Super Mario 64 DS review
Fun 64 Remade
Four different characters
Great level design
Loads of minigames
Controls are awkward
Soundwise could be better
The original Super Mario 64 is often cited as one of video games defining moments. It set a standard for 3D platformers that were to follow, with its ideas on analogue control, camera movement and item collecting. Nintendo have deemed it appropriate to launch their DS handheld with a revamped version of that classic game. Can ths update do just as well as the original?
The graphics of this game have certainly been done well. Each character has been modelled wonderfully in 3D, with bright and bold looks like definitely match the fantasy theme present throughout the game. It's not just the playable character models either. Enemies and NPCs have suitable detail as well, making for a nice looking cast of characters.
There is also a strong variety of character animations in the game, although this really only extends to the playable characters. You can see them run, jump, dive, flip and perform all sorts of acrobatic and combat moves. All of it looks so natural (well, as natural as a bicycle kicking dinosaur can look) and so fluid. Other characters animation lists are much more basic but still look natural and fluid.
The environments have also had a lot of work done on them as well. There are cracks in the blocks and the fluffiness of the clouds. Lava and water look like lava and water. The game applies a curious style that's best described as semi-realistic; mixing the styles of realism and exaggerated fantasy. The result is a treat to look at.
All this extends to the various special effects as well. Fireballs and sparking electricity are some of the effects applied in the game, and they work well to turn the gaming worlds into immersive environments.
My only major gripe is the vanish cap effect. It looks much more like some pixelly graphical glitch rather than Luigi "vanishing", so it's pretty ugly.
Gamer's lucky enough to have experienced the original game will be pleased by the significant advancements made. The bland textures and basic shapes of the original game have no place here.
I wish I could give such praise to the game's audio as I have done to the game's visuals, but alas that is not the case.
There is a fairly big collection of music in the game, and from a technical standpoint they're all pretty high quality. The problem is that they tend to range from forgettable to annoying. There's not really anything you'll be inclined to hum along to here, so it gets to the point where you stop paying attention.
Sound effects are fairly functional. You have the usual collection of thuds, bangs and clangs one would expect from the game. Again, they're high quality and well timed too.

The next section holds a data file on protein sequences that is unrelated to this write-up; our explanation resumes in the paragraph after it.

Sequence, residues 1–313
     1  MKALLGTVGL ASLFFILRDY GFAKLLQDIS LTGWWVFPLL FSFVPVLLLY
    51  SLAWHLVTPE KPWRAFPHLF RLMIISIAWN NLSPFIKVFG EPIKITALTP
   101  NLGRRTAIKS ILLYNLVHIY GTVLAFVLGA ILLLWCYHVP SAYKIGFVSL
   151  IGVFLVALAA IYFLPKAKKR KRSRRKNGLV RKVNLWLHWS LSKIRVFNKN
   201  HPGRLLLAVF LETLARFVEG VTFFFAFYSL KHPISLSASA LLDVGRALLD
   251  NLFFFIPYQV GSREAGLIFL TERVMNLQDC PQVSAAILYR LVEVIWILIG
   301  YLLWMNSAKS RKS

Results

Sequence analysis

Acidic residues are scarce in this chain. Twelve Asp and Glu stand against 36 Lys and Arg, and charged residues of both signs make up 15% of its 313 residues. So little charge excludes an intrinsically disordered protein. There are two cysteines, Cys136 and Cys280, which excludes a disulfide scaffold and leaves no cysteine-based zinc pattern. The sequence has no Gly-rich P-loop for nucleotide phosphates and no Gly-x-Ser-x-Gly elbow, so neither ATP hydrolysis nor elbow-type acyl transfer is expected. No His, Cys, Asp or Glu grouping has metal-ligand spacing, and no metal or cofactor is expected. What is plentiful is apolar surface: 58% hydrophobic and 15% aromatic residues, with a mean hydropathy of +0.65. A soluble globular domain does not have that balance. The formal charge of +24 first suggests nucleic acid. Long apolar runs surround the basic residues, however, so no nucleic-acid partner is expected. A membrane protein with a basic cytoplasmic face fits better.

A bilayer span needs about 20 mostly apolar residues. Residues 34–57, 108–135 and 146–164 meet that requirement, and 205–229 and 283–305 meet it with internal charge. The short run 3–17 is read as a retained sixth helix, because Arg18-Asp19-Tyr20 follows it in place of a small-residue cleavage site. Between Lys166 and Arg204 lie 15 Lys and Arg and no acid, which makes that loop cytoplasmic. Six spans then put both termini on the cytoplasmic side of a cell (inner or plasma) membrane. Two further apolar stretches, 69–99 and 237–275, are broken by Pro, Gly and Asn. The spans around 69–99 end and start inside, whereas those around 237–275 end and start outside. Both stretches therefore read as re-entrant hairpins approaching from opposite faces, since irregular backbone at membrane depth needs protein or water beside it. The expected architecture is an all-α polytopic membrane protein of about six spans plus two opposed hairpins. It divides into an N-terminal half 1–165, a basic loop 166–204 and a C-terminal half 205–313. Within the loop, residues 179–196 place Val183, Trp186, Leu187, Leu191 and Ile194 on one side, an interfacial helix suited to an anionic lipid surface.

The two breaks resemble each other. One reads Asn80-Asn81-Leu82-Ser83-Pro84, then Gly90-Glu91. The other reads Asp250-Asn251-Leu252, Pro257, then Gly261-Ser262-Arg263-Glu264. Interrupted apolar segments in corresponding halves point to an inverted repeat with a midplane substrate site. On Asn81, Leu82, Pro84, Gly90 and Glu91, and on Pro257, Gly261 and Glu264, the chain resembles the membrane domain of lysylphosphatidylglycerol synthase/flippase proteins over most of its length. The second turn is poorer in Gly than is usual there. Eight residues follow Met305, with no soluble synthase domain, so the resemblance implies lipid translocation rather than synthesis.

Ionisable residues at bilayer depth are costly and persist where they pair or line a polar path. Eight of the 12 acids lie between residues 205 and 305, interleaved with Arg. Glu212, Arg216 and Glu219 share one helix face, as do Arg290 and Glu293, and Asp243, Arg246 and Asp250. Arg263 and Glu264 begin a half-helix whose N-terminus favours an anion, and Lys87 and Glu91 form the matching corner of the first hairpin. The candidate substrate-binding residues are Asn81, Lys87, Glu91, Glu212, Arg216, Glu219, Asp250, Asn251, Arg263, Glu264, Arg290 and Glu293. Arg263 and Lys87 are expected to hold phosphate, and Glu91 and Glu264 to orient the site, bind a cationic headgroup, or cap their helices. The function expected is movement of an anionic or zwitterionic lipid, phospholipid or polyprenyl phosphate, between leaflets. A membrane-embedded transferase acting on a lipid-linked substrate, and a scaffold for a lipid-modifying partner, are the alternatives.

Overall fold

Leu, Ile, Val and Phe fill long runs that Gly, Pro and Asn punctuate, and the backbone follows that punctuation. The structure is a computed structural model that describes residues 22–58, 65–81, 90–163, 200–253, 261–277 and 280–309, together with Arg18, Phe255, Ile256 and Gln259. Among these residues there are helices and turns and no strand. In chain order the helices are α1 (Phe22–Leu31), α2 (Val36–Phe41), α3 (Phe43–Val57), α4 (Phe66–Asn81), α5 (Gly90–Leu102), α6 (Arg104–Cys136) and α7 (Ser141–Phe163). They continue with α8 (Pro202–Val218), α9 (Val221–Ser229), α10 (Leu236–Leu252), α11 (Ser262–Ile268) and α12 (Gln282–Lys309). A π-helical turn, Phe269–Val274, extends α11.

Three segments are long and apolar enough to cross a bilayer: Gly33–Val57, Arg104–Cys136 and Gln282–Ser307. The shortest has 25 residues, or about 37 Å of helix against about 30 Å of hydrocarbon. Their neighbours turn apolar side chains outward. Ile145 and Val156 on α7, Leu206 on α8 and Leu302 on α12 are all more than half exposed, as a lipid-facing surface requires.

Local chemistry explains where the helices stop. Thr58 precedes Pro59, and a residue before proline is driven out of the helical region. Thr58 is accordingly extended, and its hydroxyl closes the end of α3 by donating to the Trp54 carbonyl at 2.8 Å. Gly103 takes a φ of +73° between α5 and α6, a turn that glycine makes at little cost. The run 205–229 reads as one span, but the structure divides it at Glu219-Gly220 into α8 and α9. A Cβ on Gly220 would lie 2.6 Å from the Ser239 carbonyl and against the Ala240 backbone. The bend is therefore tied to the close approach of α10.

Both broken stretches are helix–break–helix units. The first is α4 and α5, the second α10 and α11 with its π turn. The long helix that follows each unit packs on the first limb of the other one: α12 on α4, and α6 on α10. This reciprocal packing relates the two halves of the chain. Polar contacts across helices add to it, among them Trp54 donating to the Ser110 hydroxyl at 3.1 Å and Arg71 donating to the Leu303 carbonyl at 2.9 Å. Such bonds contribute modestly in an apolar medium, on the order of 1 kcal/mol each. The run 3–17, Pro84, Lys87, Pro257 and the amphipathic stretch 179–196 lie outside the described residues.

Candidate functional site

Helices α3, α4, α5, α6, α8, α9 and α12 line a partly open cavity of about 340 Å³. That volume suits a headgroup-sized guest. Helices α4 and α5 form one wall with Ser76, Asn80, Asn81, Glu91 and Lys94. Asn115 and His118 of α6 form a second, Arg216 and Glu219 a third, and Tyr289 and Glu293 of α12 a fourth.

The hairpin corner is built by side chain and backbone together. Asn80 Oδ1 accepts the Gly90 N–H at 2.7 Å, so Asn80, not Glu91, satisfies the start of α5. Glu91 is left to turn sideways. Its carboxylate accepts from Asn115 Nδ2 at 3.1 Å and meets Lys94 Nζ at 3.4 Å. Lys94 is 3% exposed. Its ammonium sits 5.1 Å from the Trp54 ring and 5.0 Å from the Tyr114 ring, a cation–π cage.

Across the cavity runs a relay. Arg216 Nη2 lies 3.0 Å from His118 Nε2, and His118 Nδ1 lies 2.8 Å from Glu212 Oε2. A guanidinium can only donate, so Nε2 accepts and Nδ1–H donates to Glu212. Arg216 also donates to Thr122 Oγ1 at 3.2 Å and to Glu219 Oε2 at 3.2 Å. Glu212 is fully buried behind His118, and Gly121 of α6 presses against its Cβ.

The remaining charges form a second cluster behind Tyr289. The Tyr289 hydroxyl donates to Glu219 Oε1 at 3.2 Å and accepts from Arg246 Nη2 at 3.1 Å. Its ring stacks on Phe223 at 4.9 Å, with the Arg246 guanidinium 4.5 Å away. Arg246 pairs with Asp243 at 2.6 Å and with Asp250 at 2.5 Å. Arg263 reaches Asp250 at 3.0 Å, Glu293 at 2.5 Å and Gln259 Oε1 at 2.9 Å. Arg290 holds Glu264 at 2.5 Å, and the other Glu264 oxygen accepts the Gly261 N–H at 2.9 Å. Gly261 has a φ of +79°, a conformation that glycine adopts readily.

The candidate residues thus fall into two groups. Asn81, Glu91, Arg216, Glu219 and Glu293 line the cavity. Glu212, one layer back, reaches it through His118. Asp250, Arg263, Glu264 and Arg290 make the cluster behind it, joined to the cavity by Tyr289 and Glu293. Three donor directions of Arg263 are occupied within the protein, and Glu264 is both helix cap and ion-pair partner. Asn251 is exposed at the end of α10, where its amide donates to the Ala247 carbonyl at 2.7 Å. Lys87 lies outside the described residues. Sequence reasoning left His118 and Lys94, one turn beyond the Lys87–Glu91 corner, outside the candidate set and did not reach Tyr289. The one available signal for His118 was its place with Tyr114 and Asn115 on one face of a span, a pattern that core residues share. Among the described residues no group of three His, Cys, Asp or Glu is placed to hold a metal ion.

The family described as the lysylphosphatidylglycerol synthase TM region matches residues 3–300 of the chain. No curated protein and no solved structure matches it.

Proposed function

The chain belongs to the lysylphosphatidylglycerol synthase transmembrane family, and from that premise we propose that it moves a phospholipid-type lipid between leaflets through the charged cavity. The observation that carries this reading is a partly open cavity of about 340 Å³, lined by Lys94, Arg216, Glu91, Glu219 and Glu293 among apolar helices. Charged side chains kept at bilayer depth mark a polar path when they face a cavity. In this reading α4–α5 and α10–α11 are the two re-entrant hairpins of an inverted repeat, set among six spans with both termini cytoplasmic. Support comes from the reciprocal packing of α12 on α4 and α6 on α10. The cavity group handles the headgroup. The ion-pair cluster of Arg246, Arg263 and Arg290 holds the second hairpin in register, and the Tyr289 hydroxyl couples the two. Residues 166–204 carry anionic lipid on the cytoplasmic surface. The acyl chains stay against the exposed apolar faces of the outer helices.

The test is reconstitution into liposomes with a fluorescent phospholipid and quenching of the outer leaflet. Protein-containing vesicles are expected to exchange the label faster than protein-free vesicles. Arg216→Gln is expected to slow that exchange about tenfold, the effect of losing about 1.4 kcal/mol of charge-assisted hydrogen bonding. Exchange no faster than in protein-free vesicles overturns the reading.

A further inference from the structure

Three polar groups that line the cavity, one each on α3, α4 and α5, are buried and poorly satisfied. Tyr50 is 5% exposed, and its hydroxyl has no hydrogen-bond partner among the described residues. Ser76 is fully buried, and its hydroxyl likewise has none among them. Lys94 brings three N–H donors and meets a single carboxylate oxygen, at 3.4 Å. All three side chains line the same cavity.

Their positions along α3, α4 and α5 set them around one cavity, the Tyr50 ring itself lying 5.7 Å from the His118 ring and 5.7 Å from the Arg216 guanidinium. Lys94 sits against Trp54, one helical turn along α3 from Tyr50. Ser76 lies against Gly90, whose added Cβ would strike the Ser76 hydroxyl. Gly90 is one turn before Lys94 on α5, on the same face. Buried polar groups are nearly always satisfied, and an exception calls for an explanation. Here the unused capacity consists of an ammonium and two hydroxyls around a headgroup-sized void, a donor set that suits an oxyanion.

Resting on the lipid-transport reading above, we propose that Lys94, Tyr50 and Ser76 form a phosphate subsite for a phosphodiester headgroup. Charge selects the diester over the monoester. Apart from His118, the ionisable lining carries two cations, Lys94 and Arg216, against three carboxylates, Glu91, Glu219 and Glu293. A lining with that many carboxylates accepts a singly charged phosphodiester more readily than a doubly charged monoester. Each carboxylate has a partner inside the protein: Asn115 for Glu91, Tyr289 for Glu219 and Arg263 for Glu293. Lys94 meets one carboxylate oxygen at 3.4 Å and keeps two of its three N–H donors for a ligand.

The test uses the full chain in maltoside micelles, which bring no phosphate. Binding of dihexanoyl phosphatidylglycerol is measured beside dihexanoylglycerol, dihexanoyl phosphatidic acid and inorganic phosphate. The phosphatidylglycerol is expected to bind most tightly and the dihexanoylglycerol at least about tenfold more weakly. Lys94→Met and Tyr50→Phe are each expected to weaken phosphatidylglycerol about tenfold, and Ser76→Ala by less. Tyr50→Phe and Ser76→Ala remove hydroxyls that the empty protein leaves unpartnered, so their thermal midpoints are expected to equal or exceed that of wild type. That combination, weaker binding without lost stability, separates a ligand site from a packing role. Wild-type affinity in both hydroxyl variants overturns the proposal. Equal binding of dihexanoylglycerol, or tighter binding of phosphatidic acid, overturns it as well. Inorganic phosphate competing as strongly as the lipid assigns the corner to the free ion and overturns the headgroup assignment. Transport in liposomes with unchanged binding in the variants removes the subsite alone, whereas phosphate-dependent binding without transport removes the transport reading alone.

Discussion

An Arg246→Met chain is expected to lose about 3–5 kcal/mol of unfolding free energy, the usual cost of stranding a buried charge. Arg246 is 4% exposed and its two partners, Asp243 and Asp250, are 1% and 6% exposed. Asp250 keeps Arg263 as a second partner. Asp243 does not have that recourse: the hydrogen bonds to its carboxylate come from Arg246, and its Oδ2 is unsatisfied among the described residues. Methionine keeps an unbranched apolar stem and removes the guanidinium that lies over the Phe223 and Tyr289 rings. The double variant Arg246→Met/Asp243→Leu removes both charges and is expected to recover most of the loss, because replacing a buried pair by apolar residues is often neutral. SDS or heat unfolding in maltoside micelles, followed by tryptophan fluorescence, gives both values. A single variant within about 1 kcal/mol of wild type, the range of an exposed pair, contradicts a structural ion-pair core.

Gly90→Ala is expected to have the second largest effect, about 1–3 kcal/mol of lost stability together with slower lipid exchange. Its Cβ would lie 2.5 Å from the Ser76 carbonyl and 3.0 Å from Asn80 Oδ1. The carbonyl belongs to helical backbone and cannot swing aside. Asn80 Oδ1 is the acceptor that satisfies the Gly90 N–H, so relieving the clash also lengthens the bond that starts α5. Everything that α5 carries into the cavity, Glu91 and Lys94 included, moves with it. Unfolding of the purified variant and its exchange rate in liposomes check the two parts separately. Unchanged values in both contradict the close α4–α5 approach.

The game has a few voice clips for the main characters, and it is nice to actually hear them say some things (even if most of them are simply cries of varying sorts). A bit more variety would be nice though, as it does get a bit old.
This plotline is pretty similar to the original game, but has been changed up slightly to accommodate the new gameplay mechanic.
Mario is invited to the castle by Peach for some cake, but Luigi and Wario tag along as well. However, things seem amiss when none of them return. Yoshi goes in to investigate and finds no sign of them in the castle. The plumbers and the princess have been kidnapped, and the attendants are all locked in the walls!
It's up to Yoshi to recover the power stars of the castle and rescue his friends from the evil Bowser.
Yeah, it's a pretty weak story. If you're looking for some awesome plot twists and amazing set pieces or even anything resembling character development then you're looking in the wrong place. The plot in place here is nothing more than to give a reason for the events to take place.
SM64DS is a platforming adventure, with the goal being to reclaim the power stars from the various worlds and rooms within the castle.
There are 150 power stars to find in all (30 more than the original game). 30 of these stars are classed as secret stars, gained either in the castle itself or in mini-worlds that aren't quite big enough to be called main worlds.
The rest of the stars are spread through fifteen main worlds. Seven stars are earned through completing stated objectives specific to each world, while an eighth star on each world is awarded for collecting 100 coins in a single runthrough.
Princess Peach's castle acts like a hub area, although it's big and complex enough to be classed as a world of its own. It is here that you begin the adventure and it is here that you'll return to after exiting any other world. The castle itself is constructed well, with passageways, rooms and stairwells laid out in a sensible fashion. You really get the impression of a royal residence from it.
Mush of the castle is locked off at first though, and gradually opens up as stars and keys are collected. At first this is a strong system, but you can't help but feel they gave up halfway through, as very few doors actually require power stars to access later on.
There are fifteen main worlds accessed via the castle - most often by jumping into large wall paintings in castle rooms. There are a variety of worlds to explore covering various themes, such as snow, fire and grass. The game does repeat themes a little (like there are two snow stages, for example) but the design of these stages are very impressive.
Almost all of the abilities available to the player are tested at some point as some star requires it. Wall jumping will be called upon to reach one star, while even crawling is needed for another.
One of the best traits is how open the worlds are. The game doesn't think about locking off much in each world, allowing the player to find their own way to the stars. In some cases, this can even lead to getting some stars early. A good example is Bob-Omb Battlefield. One star involves beating a Chain Chomp. This star can be obtained anytime, meaning it can be the first star you get even though it's technically supposed to be one of the last of this course.
There's more than enough reason to go exploring as well. The worlds themselves are beautiful to behold, and there's no set path to a star. Such non-linearality makes sure the gameplay doesn't become boring. You're not guided to the goal but allowed to find your own way, yet the worlds are made in such a way that you don't get lost here.